Wednesday, March 18, 2009

Overtraining and under-recovery - Two sides of the same coin

I really have no desire to become the poster child for my subject matter, but I wasn't going to let that stop me from squeezing in an evening workout, despite my lack of sleep and crazy work schedule. I really haven't had the time to pile up the volume in the gym to get overtrained. However, I have had enough stress and bad night's sleep recently that even with a more-than-reasonable workout volume, I have plenty of potential to be under-recovered.

There are those who say that there's no such thing as overtraining; there's just under-recovery. While that may be true in a literal sense (you're overtrained if you can't recover from your workout), I think there's some benefit to maintaining the semantic distinction. Just remember that the two are inextricably related.

I tend to thing of overtraining as a failure of programming and observation. You eat great, you sleep 10 hours a night, you take time to stretch and do soft-tissue work, but you simply pile on too much work to maintain performance over time. This happens to elite endurance athletes like cyclists, who get too far "out on the razor," leaning out in response to training and being able to positively rip up a mountain pass early in the season or at the beginning of a stage race, but then finding they lack the reserves to recover. They're eating all they can; they're getting daily massages; and they're sleeping as much as they can, but they peaked too soon and trained to hard early on to succeed later in the season or the race. They are a classic example of someone who is overtrained. For them, the fall from grace is swift and hard. They are so specialized and up against such severe physical challenges that they can't rely on a different energy system or a different group of muscles to help them compete. They, as they say, start to go backwards quickly.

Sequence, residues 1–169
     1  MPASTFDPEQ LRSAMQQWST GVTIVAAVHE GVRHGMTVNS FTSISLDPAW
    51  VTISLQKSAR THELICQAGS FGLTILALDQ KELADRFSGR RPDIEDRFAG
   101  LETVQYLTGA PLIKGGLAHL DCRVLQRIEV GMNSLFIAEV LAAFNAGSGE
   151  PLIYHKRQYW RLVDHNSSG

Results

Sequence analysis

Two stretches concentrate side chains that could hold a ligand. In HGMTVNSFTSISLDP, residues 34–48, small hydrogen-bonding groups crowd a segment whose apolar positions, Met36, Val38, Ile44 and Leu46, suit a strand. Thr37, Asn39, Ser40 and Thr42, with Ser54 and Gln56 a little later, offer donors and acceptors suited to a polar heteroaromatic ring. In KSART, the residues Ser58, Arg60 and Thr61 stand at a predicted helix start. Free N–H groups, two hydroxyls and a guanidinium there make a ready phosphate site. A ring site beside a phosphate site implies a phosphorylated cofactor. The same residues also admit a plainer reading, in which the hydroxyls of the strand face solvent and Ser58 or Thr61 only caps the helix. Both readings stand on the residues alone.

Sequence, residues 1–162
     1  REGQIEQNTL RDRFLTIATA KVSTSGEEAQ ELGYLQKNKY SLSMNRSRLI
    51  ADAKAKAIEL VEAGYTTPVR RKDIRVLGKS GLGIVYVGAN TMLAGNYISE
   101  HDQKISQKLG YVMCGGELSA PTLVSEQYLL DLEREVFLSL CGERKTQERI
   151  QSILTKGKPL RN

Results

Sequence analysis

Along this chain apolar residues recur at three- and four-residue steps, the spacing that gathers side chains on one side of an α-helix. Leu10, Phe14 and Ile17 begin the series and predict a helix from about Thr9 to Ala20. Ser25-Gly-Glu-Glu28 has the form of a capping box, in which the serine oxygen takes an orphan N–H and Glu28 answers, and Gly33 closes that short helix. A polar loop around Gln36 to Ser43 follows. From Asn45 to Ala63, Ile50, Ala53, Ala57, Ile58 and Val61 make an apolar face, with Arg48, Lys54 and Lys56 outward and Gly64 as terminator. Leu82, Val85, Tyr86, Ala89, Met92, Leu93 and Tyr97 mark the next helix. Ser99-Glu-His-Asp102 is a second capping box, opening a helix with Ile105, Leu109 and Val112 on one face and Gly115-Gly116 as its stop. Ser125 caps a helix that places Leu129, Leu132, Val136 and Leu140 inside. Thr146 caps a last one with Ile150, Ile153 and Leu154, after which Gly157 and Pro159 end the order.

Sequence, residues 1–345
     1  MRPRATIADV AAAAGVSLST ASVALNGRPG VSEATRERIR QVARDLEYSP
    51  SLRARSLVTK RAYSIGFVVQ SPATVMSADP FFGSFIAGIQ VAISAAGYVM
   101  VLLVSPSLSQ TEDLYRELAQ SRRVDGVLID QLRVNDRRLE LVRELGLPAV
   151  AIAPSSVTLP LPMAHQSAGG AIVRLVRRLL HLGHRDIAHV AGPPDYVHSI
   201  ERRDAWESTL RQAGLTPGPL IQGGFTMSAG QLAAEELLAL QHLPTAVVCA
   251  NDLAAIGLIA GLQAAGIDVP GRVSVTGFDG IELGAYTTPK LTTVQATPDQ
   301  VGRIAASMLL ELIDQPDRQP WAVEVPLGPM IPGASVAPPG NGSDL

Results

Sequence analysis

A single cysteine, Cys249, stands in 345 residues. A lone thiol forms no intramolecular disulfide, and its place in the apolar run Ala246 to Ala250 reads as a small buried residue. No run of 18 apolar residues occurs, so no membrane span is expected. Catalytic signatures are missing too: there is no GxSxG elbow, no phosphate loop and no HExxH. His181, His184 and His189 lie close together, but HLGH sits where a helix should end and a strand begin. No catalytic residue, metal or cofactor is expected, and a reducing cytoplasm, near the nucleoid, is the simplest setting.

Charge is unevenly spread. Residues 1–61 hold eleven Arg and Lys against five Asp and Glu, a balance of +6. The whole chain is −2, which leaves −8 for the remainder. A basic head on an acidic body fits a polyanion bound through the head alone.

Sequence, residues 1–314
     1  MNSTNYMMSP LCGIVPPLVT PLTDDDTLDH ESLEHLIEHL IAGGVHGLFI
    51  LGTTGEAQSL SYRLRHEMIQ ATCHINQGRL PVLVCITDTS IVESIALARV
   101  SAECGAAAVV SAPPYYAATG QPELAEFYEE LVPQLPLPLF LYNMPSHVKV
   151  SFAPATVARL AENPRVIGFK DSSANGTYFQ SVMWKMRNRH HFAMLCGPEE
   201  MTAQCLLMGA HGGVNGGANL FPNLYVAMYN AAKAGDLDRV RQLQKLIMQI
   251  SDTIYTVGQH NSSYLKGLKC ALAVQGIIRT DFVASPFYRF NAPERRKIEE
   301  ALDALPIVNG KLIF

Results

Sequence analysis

In the CrossFit world, we don't load ourselves up with such specialized training, where the same muscles and energy systems get hit day-in and day-out. As a result, overtraining is not as obvious to us. The programming of CrossFit, in fact, is designed to maximize intensity while minimizing the potential for chronic overtraining. There's enough variety of exercise and workout duration that broad, intense stimulus can be delivered day-in and day-out with a less severe risk from overtraining. Still, working like a dog three days out of four will catch up to just about anyone eventually, no matter how disciplined you are with your recovery when you're not working out. That's the reason that the conventional wisdom for following the mainpage WOD is to do it on a 12-week cycle where every 4th week is performed at ½ intensity and every 12th week is taken off from training entirely (or similar variations on that theme).

Don’t underestimate the value of those ½-intensity sessions. These are prime opportunities to dial in form refinements that will lead to improved performance down the road. Alternately, the light weeks provide an opportunity to learn new skills that can’t yet be performed at an intensity that might inhibit recovery.

Bill Starr says that when people get overtrained, it’s almost always because they do too much work on their light days. They throw some isolation exercises in to get those beach muscles pumped up or they add a metcon to work up a sweat. While there’s nothing inherently wrong with incorporating a variety of activities into a program (heck, CF is grounded in such variety), doing additional work without rhyme or reason is the surest way to interfere with recovery and inhibit progress.